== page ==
As did Sundfeld et al,11-14 we also noted that in addition to the safety and effectiveness of the technique, the tooth enamel treated with microabrasion clinically presented a considerably smoother and brighter appearance with the passage of time. This, according to Croll1 and Donly et al,15 is due to the compaction of mineral substances coming from the erosive and abrasive action of the microabrasive compound on the enamel surface. Some studies using polarized light microscopy have also shown that the enamel submitted to microabrasion presents greater resistance to demineralization and colonization by Streptococcus mutans.16
Although the loss of tooth enamel is irrelevant,12 it could cause a more accentuated color due to the subjacent dentinal tissue being more evident. In these cases, correction of the color pattern can be obtained with the use of carbamide peroxide-based bleaching products coupled with molds,6,17 with high concentrations of hydrogen peroxide,18 applied in office, or even with the association of these techniques, which could make the bleaching treatment faster.
In the case presented, no damaging effects on the hard and soft tissues were found, as clinically observed. In addition, the absence of dental sensitivity during and after the application of the bleaching products was welcomed. This confirms our clinical findings that the use of carbamide peroxide and hydrogen peroxide can be safely prescribed, as long as these chemicals are applied to noncarious and well-restored tooth surfaces; in particular, teeth without exposed dentin in the cervical and/or incisal portions. Of course, this process must be well supervised by the dental professional.
It should be pointed out that the teeth which presented with deep dental stains (stains that were not completely removed by the microabrasion technique) became aesthetically unnoticeable once made wet with saliva after dental bleaching had been performed. We also believe that the fact that the bleached dental tissue had taken on a lighter color must have helped to mask the enamel region that presented a residual stained area.
The removal of enamel stains by the microabrasion technique, with a mixture of 37% phosphoric and pumice stone, and afterwards associated with dental bleaching with 10% carbamide peroxide and 35% hydrogen peroxide, provided aesthetic recovery of our adolescent patient’s smile.
- Croll TP. Enamel Microabrasion. Chicago, IL: Quintessence Publishing; 1991:13-102.
- Croll TP, Cavanaugh RR. Enamel color modification by controlled hydrochloric acid-pumice abrasion. I. Technique and examples. Quintessence Int. 1986;17:81-87.
- Sundfeld RH, Croll TP, Mauro SJ, et al. Smile recovery. New clinical considerations of enamel microabrasion: Effects of techniques and evaluation time [in Portuguese]. Rev Bras Odontol. 1995;52(3):30-36.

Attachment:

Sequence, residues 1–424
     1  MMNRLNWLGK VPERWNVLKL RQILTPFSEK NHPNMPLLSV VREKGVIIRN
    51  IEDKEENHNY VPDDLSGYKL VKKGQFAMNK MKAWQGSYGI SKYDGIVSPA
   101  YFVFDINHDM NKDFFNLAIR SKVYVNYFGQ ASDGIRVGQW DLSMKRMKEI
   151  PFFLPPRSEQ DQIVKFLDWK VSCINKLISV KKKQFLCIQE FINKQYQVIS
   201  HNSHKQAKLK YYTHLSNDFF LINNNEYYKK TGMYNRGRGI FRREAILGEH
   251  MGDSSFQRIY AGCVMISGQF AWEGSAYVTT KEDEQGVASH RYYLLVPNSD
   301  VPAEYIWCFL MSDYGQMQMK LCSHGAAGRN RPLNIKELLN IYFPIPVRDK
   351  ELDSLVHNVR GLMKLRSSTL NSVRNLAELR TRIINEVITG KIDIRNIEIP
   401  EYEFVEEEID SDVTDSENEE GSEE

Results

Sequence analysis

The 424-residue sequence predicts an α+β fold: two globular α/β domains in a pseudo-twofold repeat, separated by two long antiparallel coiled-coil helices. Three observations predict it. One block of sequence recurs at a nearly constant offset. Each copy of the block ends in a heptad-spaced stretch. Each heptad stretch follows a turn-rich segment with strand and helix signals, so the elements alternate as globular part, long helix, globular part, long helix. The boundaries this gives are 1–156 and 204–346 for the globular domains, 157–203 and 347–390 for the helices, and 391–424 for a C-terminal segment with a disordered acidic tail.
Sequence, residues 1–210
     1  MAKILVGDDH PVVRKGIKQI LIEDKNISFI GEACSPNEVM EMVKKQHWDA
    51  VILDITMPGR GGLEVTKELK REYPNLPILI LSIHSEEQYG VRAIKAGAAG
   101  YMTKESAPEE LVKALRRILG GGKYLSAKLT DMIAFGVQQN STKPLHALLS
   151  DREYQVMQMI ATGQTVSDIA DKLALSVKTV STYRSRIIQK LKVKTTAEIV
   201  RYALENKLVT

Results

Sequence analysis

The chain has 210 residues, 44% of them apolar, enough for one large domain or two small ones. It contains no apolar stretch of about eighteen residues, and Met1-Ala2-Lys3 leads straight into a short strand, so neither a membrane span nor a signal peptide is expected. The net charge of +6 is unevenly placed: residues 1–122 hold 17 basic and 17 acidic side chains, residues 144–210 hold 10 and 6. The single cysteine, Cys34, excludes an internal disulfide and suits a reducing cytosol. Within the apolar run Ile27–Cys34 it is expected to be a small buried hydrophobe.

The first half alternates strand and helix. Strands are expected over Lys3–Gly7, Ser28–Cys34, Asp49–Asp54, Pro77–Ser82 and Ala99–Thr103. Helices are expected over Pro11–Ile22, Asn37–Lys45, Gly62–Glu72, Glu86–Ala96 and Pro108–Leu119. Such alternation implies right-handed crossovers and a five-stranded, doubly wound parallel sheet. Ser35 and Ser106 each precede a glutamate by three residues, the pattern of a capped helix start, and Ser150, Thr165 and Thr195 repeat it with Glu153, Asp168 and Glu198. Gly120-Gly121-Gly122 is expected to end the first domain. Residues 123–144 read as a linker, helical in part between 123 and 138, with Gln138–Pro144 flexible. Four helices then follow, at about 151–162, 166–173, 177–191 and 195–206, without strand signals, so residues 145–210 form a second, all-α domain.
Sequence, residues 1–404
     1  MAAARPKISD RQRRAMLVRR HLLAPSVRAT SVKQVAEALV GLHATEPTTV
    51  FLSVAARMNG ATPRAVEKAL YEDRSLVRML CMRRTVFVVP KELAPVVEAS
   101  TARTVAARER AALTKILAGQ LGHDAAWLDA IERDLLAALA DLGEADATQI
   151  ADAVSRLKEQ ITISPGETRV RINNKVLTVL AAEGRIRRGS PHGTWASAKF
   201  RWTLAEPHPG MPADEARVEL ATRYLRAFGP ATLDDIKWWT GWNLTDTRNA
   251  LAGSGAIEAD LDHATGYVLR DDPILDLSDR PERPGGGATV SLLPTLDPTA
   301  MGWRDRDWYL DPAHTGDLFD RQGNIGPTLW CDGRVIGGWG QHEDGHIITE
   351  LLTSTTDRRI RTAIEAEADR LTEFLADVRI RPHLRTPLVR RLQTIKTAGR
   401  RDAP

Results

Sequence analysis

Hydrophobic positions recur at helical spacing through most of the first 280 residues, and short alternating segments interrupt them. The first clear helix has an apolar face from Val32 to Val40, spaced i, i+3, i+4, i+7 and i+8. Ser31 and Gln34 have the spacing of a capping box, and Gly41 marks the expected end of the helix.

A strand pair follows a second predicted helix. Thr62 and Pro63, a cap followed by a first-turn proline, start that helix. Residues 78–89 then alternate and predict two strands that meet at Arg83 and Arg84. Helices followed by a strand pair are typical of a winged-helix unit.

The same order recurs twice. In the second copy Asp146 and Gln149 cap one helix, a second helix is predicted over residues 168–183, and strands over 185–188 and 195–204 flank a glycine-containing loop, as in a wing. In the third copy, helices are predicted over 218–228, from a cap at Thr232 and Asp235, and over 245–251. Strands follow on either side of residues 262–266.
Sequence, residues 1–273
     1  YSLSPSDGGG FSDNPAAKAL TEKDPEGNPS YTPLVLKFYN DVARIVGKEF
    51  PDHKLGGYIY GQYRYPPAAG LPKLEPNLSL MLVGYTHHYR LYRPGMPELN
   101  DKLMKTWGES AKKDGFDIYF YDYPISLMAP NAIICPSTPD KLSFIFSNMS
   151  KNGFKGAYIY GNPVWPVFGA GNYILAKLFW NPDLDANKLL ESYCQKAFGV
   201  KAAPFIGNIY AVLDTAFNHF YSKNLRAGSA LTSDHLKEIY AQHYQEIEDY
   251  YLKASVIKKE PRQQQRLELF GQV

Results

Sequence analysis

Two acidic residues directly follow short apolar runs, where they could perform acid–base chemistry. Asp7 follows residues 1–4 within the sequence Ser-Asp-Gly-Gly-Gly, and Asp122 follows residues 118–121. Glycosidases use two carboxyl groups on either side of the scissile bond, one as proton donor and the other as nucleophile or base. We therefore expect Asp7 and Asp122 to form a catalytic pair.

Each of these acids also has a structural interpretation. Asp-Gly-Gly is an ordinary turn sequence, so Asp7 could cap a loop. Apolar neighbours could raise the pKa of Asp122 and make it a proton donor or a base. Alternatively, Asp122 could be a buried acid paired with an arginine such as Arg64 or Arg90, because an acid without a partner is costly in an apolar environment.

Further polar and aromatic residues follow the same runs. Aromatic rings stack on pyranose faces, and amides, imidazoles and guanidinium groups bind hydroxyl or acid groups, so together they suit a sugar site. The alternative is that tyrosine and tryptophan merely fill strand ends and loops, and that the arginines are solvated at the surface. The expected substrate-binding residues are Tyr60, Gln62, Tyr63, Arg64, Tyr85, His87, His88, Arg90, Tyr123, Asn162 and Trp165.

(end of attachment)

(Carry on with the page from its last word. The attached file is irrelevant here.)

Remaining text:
- Sundfeld RH, Croll TP, Rahal V, et al. Smile restoration by use of enamel microabrasion associated with tooth bleaching. Compend Contin Educ Dent. 2008;29:2-6.
- Mondelli J, Mondelli RFL, Bastos MTAA, Franco EB. Microabrasion using phosphoric acid [In Portuguese]. Rev Bras Odontol. 1995;52(3):20-22.
- Haywood VB, Heymann HO. Nightguard vital bleaching. Quintessence Int. 1989;20:173-176.
- Mendonça MR, Koyama NS, Machado LS, et al. Association of orthodontic and restorative procedures in recovering the smile of a teenage patient [In Portuguese]. Dent Bras. 2009;1:14-16.
- Gallagher A, Maggio B, Bowman J, et al. Clinical study to compare two in-office (chairside) whitening systems. J Clin Dent. 2002;13:219-224.
- Sulieman M, MacDonald E, Rees JS, et al. Comparison of three in-office bleaching systems based on 35% hydrogen peroxide with different light activators. Am J Dent. 2005;18:194-197.
- Mondelli RFL, Souza e Silva Jr. MH, Carvalho RM. History of enamel microabrasion [in Portuguese]. In: Esthetic Dentistry—Fundamentals and Clinical Applications. Enamel Microabrasion. São Paulo, Brazil: Bookstore and Publisher Santos; 2001:3-12 (chapter 2).
- Sundfeld RH. Smile’s recovery: The history of microabrasion for enamel stains removal. In: 21st International Dental Congress (Org). Dental, Art and Knowledge: Dentistry, Prosthesis, ATM, Implant Dentistry, Surgery, Geriatric Dentistry. Volume 3. 1st ed. São Paulo, Brazil: Artes Médicas Publishers; 2003:29-56.
- Sundfeld RH, Croll TP, Briso AL, et al. Considerations about enamel microabrasion after 18 years. Am J Dent. 2007;20:67-72.
- Sundfeld RH, Komatsu J, Russo M, et al. Removal of enamel stains: Clinical and microscopic study [in Portuguese]. Rev Bras Odontol. 1990; 47(3):29-34.
- Sundfeld RH, Rahal V, Croll TP, et al. Enamel microabrasion followed by dental bleaching for patients after orthodontic treatment—case reports. J Esthet Restor Dent. 2007;19:71-78.
- Donly KJ, O’Neill M, Croll TP. Enamel microabrasion: a microscopic evaluation of the “abrosion effect”. Quintessence Int. 1992;23:175-179.
- Segura A, Donly KJ, Wefel JS, et al. Effects of enamel microabrasion on bacterial colonization. Am J Dent. 1997;10:272-274.
- Meireles SS, Heckmann SS, Leida FL, et al. Efficacy and safety of 10% and 16% carbamide peroxide tooth-whitening gels: a randomized clinical trial. Oper Dent. 2008;33:606-612.
- Papathanasiou A, Kastali S, Perry RD, et al. Clinical evaluation of a 35% hydrogen peroxide in-office whitening system. Compend Contin Educ Dent. 2002;23:335-338.
Dr. Guedes is a postgraduate student, department of restorative dentistry, São Paulo State University, Araçatuba School of Dentistry, Universidade Estradual Paulista in São Paulo, Brazil. She can be reached at firstname.lastname@example.org.
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Dr. dos Santos is an assistant professor, department of dental materials and prosthodontics, São Paulo State University, Araçatuba School of Dentistry, Universidade Estradual Paulista, in São Paulo, Brazil. He can be reached via e-mail at email@example.com.
Disclosure: Dr. dos Santos reports no disclosures.
Dr. de Oliveira is a postgraduate student, department of restorative dentistry, São Paulo State University, Araçatuba School of Dentistry, Universidade Estradual Pauista, in São Paulo, Brazil. She can be reached via e-mail at firstname.lastname@example.org.
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Dr. Machado is a postgraduate student, department of restorative dentistry, São Paulo State University, Araçatuba School of Dentistry, Universidade Estradual Paulista, in São Paulo, Brazil. He can be reached at email@example.com.
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Dr. Sundfeld Neto is a postgraduate student, department of dental materials, Piracicaba Dental School, State University of Campinas, Universidade Estadual de Campinas, Brazil. He can be reached via e-mail at firstname.lastname@example.org.
Disclosure: Dr. Sundfeld Neto reports no disclosures.
Dr. Sundfeld is a full professor, department of restorative dentistry, São Paulo State University, Araçatuba School of Dentistry, Universidade Estradual Paulista, in São Paulo, Brazil. He can be reached at email@example.com.